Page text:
HSBC has announced its intention to overhaul First Direct, its digital challenger bank, in order to better compete with digital-first
, reports the Financial Times. For the context, First Direct was the first
in the UK – it was launched in 1989 and was acquired by HSBC in 1992.
HSBC’s decision highlights the impact of the rise of British neobanks on traditional banks. UK-based neobanks are expected to nearly triple the number of clients over the next year, but they are still struggling to be profitable. Neobanks like Monzo, Revolut, Starling and N26 are expected to grow from 13 million customers to 35 million in 2020, according to a study by Accenture.
On top of that, neobanks are seeing customer growth outside of London, in part due to rural areas hit hard by branch closures in former UK banks. For its part, First Direct has nearly 1.5 million customers, and while it does not publish separate financial data, it has been profitable for more than two decades. In contrast, neobanks as a whole struggle to achieve profitability.
First Direct responds to this threat by adding features that will open it up to a wider audience. First Direct CEO Joe Gordon said it will make a series of improvements, including the addition of new features that will make it “more accessible to a wider audience.” Some of the planned features include an in-app marketplace and a “financial autopilot,” which would use AI to make personalized recommendations and automate activities like reloading savings accounts.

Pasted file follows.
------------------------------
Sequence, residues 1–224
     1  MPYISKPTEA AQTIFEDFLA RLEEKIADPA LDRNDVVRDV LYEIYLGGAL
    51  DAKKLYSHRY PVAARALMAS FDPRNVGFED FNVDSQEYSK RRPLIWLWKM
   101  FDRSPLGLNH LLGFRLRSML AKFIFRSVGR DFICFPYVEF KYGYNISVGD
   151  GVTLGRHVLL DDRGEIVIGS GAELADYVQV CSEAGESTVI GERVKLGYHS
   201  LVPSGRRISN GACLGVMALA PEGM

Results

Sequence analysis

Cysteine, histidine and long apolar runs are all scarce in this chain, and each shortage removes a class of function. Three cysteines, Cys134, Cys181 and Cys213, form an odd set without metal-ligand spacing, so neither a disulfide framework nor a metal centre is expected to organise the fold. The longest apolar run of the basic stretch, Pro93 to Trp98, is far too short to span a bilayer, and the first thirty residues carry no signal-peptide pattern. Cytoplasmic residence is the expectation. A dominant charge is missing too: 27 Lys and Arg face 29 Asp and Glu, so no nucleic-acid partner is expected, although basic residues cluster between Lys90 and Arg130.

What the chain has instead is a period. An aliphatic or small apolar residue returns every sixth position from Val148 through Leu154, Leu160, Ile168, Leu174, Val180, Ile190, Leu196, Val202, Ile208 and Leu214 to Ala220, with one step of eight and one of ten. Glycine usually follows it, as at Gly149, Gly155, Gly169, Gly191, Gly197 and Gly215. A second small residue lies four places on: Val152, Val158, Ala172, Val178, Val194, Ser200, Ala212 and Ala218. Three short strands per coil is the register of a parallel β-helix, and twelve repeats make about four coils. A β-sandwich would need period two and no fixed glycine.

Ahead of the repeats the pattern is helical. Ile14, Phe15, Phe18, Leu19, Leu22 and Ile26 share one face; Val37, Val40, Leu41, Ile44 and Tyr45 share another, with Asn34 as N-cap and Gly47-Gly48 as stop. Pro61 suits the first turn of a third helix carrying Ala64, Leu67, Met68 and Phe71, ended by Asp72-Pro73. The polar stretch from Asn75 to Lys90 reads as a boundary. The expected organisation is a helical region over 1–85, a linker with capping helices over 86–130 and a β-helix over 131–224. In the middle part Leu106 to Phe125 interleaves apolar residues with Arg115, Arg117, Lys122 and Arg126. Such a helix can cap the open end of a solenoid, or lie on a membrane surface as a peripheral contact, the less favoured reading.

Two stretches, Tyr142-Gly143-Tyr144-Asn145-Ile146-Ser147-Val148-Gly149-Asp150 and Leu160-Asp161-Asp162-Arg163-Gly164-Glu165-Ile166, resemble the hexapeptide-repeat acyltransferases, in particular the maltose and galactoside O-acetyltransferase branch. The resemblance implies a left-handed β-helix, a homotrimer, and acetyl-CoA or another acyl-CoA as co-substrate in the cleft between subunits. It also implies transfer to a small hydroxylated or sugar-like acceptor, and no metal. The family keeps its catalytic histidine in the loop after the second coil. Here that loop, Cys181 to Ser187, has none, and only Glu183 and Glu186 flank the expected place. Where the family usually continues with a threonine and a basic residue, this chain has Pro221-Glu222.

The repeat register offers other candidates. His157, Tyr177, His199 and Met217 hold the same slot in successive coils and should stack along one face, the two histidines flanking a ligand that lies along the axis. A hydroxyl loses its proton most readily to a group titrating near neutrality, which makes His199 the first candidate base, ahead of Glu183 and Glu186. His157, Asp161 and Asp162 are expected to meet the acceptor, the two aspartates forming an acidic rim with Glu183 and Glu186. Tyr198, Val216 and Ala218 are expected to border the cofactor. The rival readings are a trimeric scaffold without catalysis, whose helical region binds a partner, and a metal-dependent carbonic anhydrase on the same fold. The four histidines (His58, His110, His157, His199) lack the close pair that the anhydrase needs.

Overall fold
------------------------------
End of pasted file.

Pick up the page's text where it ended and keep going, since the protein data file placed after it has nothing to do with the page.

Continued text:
In addition, digital banking will allow customers with limited credit history to open accounts while providing services to improve their credit. Providing services to consumers with little or no credit has been a major selling point for neobanks to reach underserved audiences. Combining this same strategy with new personalization features could position First Direct as a serious threat to its neobank competitors.
HSBC will work intensively with fintechs to retool its neobank, an arrangement that may serve as an example for other traditional banks in the future. First Direct works with several fintechs, including UK-based Bud, in which HSBC has invested this year, as well as Goldman Sachs. Similar partnerships are increasingly common: 81% of bank executives in a Finextra survey cited collaboration with partners as the best strategy to achieve digital transformation, highlighting how traditional banks and startups are moving towards the collaboration.
And nearly half of the financial services companies surveyed by Lloyds said they have made deals to acquire or take a minority or majority stake in fintechs. Many of these bank-fintech partnerships have yet to fully materialize, but HSBC’s strategy of leveraging its partnerships to revamp its digital arm is an example of how these partnerships and investments could develop.
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